Mycobacterium marinum Aronson is generally known as a pathogen of fishes. Since 1962 it has been recognized as causing localized infections on the extremities of humans. Three cases are reported, with cures being effected by use of clarithromycin, ethambutol, minocycline, and rifampin. Cuts or abrasions should not be exposed to aquatic environments or organisms, and wounds received from aquatic organisms should be allowed to bleed for cleansing.
Mycobacterium marinum Aronson, the causative organism of fish tuberculosis, is an aquatic acid-fast, Gram-positive, non-motile rod bacterium that causes chronic infections, “wasting,” and death in fishes and is related to bacteria that cause tuberculosis and leprosy in mammals. It can also cause infections in humans known as “fish tank granuloma” and “swimming pool granuloma.” In man this bacterium enters wounds or abrasions and usually causes localized infections in the extremities. Although it was first described in 1962 (Swift and Cohen, 1962), the disease in humans is still not widely recognized. Three cases recently observed in our area are reported.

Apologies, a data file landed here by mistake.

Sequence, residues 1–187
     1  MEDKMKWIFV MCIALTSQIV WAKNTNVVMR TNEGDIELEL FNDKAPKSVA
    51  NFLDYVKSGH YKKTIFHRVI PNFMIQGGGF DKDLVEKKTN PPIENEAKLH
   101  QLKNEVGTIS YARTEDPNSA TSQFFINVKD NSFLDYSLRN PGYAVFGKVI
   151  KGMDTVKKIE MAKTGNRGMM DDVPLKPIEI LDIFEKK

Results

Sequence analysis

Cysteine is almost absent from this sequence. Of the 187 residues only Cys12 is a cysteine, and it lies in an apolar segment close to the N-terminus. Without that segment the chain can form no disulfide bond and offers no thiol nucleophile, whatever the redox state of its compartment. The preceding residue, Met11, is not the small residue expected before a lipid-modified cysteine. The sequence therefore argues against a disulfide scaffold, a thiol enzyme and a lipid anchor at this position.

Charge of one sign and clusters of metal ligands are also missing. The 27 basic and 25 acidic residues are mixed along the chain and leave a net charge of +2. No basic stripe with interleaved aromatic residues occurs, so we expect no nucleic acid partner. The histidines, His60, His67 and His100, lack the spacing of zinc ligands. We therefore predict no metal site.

A 53 year old white male fish farm worker received a puncture to the left middle finger by a fin spine from a hybrid striped bass (Morone saxatilis (Walbaum) X Morone chrysops (Rafinesque)) in late October of 1991. Shortly thereafter the finger became swollen and pink with an accompanying three inch pink streak going toward the palm of the hand, and an open lesion was at the site of initial puncture. The patient was hospitalized for five days and given antibiotics (minocycline and rifampin) by IV, the infection site was incised and a porous tube inserted from finger to palm, and the infected area was irrigated with saline solution. Mycobacterium marinum was diagnosed and Rifadin (rifampin) at 300 mg twice per day, and Minocin (minocycline) at 100 mg twice per day were taken for about six weeks. Liver function was checked during the use of the antibiotics. A black-out reaction to the antibiotics resulted in the patient stopping their use. The patient was considered cured after six weeks. Subsequently, the subject was re-infected twice and quickly treated. One reinfection was initiated when the patient was stuck by a splinter from the handle of a fish net.